Reviewed in 2010 by Tibe

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Final Fight's Official Clone

by Tibe (2010)

It's been a long time since I wanted to make a Burning Fight review, to say the least! We travel back in time to 1991. At this time, the Neo Geo has only Sengoku and Ninja Combat as Beat Them Up. Burning Fight then hits the market, and it sounds a little like SNK's answer to Capcom's Final Fight, released two years earlier on the CPS. If this 89' title marked the genre by its quality and gameplay innovations, what about Burning Fight...? Three selectable characters, five different stages, numerous weapons and objects to destroy... all this sounds pretty good. Well, after having finished Burning Fight, my feelings are mixed. The game features some very good ideas, but also some unforgivable flaws. At first glance, we can say the soft is graphically very nice, at a level close to Capcom's production (which was a true benchmark) with a wide variety of environments, beautiful colors and inspired drawings.

On this point, Burning Fight is far from disappointing, even if it's not perfect. The music is subtle (yet not memorable, but it's usually the case in a BTU) and the sound effects are excellent quality. We are granted some very good vocals, and the impacts of blows offer good sensations. What's wrong then? The game fails on a few important points, at least pretty important for a Beat them Up. The animation, if it's fast enough, lacks fluidity and flexibility: the characters are a bit steep, while more decomposition and smoothness would have been great. Other detail, Burning Fight lacks precision concerning sprites collisions: it feels like sloppy work. This is amazing especially coming from SNK, who had accustomed its followers to great realizations. The backgrounds, on the other hand, are well animated, zooms on sprites are perfectly using the system's capabilities, and differential scrollings are really nice. The other downside of the soft is its gameplay, and incidentally the replay value. Indeed, the five missions can be cleared within forty minutes. It's quite passable here, as the genre is often subject to this feature.

Consequently of what we stated above, the gameplay has a few flaws. We must deal with the stiffness of characters and the lack of precision of impacts, particularly with jumping attacks. On the other hand, the enemy blows are imprecise and sometimes hit you when you weren't expecting it! Furthermore, if protagonists have only one throw (poorly animated, it seems that the enemy slips through your fingers) the rest of the range of blows is nice with kicks (C) or punches (A), jumps, (B), combinations, materials to destroy in the stages and weapons to collect. The special move, activated with A+B, devastates everything around you, but removes a bit life. Burning Fight does almost good on this chapter, with a array of moves quite similar to what was proposed in Final Fight.  It only lacks one more throw per character, that's all. Speaking about A.I, the enemies are pretty annoying, with some of them always repeating the same attacks and invariably hitting you, often leaving you no time to get up, and taking away your life without you could even defend yourself: frustrating!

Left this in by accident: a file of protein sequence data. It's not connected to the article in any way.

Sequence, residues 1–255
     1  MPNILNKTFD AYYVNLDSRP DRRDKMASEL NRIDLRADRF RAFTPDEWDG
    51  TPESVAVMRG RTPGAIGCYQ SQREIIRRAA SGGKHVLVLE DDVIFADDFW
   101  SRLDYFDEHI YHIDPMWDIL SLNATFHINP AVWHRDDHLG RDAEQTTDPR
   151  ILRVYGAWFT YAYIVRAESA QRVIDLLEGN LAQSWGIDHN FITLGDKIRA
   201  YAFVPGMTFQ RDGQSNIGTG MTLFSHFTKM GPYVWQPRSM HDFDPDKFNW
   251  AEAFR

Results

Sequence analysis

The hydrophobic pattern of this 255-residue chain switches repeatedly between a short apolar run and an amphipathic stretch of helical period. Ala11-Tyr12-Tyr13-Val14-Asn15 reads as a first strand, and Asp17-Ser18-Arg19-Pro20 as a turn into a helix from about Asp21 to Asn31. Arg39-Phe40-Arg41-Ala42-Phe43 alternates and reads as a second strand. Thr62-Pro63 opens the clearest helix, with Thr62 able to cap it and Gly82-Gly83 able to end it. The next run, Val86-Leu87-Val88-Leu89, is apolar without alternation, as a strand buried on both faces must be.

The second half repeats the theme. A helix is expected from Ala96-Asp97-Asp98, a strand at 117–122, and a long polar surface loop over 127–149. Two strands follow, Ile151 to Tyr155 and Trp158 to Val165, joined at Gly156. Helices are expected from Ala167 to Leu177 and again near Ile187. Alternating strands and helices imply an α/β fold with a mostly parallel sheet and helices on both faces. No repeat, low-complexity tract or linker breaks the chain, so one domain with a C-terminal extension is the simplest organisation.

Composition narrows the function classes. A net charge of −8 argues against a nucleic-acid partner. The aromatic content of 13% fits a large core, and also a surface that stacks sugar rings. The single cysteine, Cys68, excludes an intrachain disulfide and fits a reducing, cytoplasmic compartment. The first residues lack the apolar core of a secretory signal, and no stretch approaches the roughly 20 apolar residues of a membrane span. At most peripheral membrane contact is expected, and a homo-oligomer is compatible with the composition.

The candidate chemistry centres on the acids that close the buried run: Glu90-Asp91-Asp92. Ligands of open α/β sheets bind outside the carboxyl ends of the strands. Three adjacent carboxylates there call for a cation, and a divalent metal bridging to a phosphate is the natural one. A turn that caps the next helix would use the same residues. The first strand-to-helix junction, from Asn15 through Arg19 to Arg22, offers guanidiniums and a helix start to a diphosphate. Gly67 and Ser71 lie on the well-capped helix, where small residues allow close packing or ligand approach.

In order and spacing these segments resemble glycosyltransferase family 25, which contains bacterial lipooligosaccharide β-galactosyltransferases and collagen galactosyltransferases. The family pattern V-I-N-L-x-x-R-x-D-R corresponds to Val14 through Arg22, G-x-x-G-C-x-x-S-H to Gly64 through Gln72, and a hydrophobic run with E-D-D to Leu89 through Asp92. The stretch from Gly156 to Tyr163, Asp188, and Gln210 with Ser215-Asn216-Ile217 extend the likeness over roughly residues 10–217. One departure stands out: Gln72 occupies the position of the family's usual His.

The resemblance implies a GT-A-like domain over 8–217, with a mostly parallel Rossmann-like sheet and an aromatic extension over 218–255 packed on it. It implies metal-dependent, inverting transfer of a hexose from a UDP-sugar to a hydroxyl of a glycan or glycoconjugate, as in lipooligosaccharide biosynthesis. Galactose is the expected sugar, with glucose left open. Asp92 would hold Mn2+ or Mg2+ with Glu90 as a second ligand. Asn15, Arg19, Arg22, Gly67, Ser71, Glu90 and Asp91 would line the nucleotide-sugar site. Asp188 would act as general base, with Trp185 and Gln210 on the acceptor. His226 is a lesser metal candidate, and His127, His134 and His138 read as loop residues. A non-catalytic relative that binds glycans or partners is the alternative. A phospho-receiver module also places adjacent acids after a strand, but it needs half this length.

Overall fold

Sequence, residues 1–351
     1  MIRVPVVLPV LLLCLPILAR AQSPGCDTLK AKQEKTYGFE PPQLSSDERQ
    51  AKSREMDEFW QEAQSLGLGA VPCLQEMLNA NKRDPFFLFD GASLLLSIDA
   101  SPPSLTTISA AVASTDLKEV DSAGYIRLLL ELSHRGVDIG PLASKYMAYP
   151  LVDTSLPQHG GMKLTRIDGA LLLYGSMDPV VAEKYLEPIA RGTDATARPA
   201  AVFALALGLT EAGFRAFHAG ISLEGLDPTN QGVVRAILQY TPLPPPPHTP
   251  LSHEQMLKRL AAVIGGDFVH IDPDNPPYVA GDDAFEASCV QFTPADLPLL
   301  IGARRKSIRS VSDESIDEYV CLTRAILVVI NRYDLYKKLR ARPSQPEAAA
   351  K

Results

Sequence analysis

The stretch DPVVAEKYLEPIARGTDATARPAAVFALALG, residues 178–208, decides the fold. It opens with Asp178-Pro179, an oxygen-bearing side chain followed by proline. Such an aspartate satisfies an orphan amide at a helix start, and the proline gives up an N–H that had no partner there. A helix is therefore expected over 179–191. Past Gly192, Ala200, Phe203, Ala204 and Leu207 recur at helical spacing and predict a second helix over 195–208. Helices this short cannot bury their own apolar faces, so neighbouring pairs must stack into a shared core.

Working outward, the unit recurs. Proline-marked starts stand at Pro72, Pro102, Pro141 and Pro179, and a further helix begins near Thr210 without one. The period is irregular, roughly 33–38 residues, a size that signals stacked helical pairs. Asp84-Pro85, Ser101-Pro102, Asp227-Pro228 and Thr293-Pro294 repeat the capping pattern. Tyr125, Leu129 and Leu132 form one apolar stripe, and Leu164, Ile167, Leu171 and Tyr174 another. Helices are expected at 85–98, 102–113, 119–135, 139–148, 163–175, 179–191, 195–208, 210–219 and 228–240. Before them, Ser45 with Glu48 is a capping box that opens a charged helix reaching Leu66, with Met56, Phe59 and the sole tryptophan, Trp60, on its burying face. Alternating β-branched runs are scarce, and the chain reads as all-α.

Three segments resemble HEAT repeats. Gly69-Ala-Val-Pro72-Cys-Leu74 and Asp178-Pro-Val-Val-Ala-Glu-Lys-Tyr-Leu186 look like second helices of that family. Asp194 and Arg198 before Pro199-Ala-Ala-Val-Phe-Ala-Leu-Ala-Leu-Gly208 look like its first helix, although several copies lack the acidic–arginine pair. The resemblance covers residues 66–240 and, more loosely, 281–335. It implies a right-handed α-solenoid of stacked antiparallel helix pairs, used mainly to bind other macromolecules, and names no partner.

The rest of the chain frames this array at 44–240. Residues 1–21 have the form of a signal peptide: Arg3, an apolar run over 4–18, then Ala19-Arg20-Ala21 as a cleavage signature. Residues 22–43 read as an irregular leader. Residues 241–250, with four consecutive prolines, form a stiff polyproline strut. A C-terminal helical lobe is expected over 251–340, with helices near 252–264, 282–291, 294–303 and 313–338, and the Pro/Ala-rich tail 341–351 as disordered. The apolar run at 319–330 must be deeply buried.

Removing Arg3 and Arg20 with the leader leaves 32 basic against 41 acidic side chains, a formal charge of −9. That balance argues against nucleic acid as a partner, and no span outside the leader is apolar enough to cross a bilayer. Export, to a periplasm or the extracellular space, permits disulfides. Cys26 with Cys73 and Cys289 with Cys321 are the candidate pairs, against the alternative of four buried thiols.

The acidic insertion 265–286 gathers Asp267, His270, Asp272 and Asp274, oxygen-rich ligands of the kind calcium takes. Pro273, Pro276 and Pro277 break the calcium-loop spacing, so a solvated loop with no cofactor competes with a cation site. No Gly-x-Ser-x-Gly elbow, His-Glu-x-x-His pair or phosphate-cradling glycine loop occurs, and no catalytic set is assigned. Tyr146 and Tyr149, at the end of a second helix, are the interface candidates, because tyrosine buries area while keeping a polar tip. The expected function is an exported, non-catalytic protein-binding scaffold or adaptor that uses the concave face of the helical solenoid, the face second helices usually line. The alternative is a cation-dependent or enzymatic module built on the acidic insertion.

For example, the dudes armed with chains (who will seek you all along the game) have an aerial attack that have priority over ninety percent of your attacks. So, let me wish you good luck with these dudes, especially when they attack two or three together, it's a hard beat. I don't think programmers wanted this to happen, as those characters are in a way more tricky than certain Bosses. About the variety of enemies, the game offers a decent bestiary, with about fifteen different opponents, plus the different Bosses and other "extras". Despite some good ideas like the inside of the stores to destroy, a good variety of weapons to pick up, destructible elements as street furnitures, bicycles and other vehicles to smash happily, there is still a little something missing. Even if we have a really good time playing, one can not help but blame SNK for not having more tweaked its game, which could have been excellent, even better than Final Fight. Finally, Burning Fight stood in arcades as a good Beat them Up, while considering the system and developer involved, one would have expected a motherfucking fighting game.



Different streets and environments lacks no depth, nor style or animations. Characters are big et full of details, looking pretty good.
The animation lacks fluidity and smoothness: too bad, because other effects are doing good.
Simple musics, but excellent audio effects (note the piano's noise when you destroy it, for example...)
Cleared in about 40 minutes, as most Beat them up; the possibility to play with a friend and some good ideas makes you cometo BF, from time to time.
Good BTU basics are featured, but the game lacks accuracy and is sometimes frustrating.



A decent realization, with a pretty fun gameplay, too bad it's imprecise and that some important details have been botched.


With a price around 100 euros, our Burning Fight is definitely not the best investment for a pure player, except of course if you're a Beat them Up fever. Better go for Mutation Nation, which is a great game and is a bit cheaper than BF.

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